I was put inside the cupboard and stayed in the darkness for weeks. Last Saturday we made the trip into town and surprised Auntie L. She loved me right from the beginning and took me into the dining room at noon. I sat in her lap! She put my little hands on the table and before long the other residents took notice of me. They held me and looked me over good and then one woman said, "I'll put her here in the pocket on my walker." Auntie L wasn't too sure about that, but said, "o.k., but you'd better not walk off with her!"


Mama Charlotte called the next day to see if I was homesick; I wasn't homesick one little bit! Auntie L put me in a chair across from her couch and says when she looks at me she feels comforted. I'm glad, because she is facing painful surgery in a few days and maybe I can help keep her depression away. Won't you please remember to pray for her?
Thank you,
Mattie Louise
Oh, and Mama Charlotte says to tell you this little quilt top has been quilted and is ready for the binding. It was made using the tutorial by Amy at www.duringquiettime.blogspot.com


Friday, March 9, 2012

Friday Humor



Hope you have a wonderful weekend!

Charlotte

Wednesday, March 7, 2012

Kerry ~ The Doll

Today I"m going to tell you about the doll in yesterday's post:

This is Kerry, an 18 inch doll, manufactured by the Ideal Toy Co. in 1970. If you grew up at that time, chances are you had one of the dolls. Their main feature was the ability to grow their hair. Notice how long her hair is in the picture above.
There is a knob on her back, which when turned, makes her hair grow shorter,

and to lengthen the hair, pull the ponytail to make it the length you want it to be.

This doll belongs to my youngest daughter.

The first doll in the series was Crissy, made in 1969, followed by her cousin Velvet (16 inches tall) and Kerry in 1970. The other two daughters had these dolls, and we have them also.

We made lots of pretty clothes for them; bell bottom pants, long skirts, pant suits, shawls, mostly made from double knits since that was the fabric of choice in those days. They were a lot easier to sew for than Barbie dolls because of their larger size. I think the red dress was the one Crissy was wearing when we got her, and Kerry is wearing her original outfit and shoes in the first photo.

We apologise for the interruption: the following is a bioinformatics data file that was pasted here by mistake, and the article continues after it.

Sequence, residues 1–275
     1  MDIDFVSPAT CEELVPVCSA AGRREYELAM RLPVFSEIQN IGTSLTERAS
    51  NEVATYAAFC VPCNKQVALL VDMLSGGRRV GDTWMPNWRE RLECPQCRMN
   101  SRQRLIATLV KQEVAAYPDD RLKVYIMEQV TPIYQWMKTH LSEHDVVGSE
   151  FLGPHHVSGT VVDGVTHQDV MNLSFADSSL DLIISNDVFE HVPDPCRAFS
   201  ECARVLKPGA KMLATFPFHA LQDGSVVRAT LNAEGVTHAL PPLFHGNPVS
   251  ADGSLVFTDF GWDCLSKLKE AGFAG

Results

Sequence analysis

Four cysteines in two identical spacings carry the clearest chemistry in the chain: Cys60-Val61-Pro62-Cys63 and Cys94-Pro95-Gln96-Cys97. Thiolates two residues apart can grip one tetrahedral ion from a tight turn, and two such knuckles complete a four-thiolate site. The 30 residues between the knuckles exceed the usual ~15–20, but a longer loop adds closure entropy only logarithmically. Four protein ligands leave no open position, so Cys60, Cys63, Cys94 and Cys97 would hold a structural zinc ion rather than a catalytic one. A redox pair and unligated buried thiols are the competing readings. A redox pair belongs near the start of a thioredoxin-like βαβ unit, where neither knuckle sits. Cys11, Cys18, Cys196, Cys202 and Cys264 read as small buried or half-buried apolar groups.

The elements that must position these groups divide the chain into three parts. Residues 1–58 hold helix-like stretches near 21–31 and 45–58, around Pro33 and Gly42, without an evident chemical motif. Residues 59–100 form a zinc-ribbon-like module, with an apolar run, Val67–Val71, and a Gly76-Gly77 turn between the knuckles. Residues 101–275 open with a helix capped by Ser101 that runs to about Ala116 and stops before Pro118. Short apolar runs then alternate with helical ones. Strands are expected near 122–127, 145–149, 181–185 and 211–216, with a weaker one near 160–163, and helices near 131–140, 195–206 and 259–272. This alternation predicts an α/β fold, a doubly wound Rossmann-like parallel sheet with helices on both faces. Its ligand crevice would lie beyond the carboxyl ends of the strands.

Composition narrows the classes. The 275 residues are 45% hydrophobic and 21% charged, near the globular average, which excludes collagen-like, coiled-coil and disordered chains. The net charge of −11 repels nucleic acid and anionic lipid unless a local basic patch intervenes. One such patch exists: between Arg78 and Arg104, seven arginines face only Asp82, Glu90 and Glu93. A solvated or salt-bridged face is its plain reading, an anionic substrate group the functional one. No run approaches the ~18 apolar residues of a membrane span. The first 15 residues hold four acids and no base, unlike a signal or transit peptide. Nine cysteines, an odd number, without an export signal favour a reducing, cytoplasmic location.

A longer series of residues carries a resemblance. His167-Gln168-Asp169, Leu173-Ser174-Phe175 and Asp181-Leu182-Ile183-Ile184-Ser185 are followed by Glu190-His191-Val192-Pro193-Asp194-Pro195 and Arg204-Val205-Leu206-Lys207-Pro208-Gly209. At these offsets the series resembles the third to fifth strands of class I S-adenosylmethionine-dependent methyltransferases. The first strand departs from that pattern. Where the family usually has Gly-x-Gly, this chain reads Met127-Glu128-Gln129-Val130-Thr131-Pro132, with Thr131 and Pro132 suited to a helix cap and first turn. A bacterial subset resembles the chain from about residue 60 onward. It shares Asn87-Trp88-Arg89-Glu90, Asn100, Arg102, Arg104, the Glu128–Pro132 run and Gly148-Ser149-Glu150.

So, do you remember these dolls? Did you have one? I'd like to know about them.

Charlotte







Tuesday, March 6, 2012

March ~~ Little Quilt

The little quilt for March is a log cabin design, set together in the "fields and furrows" layout, which is probably the most simple way to join the blocks.
Quilt size ~ 15 1/2 inches square

Block size ~ 3 inches square

Log size ~ 1/2 inch

Fabrics ~ mostly cottons, soft pastels; lining and binding are a soft lilac color

Method of construction ~ paper pieced on machine, hand quilted

We'll talk about the doll tomorrow.

Enjoy, Charlotte

Friday, March 2, 2012

Prescribed Fire/Controlled Burning

This week, the forestry service has been conducting controlled burning, or prescribed fire in the Ozarks forests. There are around 300,000 acres burned under control in Arkansas each year. The wind has carried the smoke toward us, making the skies gray, the air filled with the smell of burning brush, and the sun took on a brilliant red color at sunset. Even the sunlight coming through the windows looked brown on the floor.I think anyone with breathing problems would have to stay inside. By the burning of brush, vines, leaves, and excess logging debris, the threat of severe fires, that kill valuable trees or pose a threat to personal property or human safety, is reduced. Wildlife habitat is improved by increasing the food supply of fruits, nuts, and grasses. When small, low-value trees are removed, plant competition and forest floor litter are reduced, allowing for better germination of seeds. The values of recreational activities, hunting, hiking, and wildlife viewing, are increased.


Fire always scares me, but if it's controlled, it can be a good thing.
Have a safe, happy weekend,


Charlotte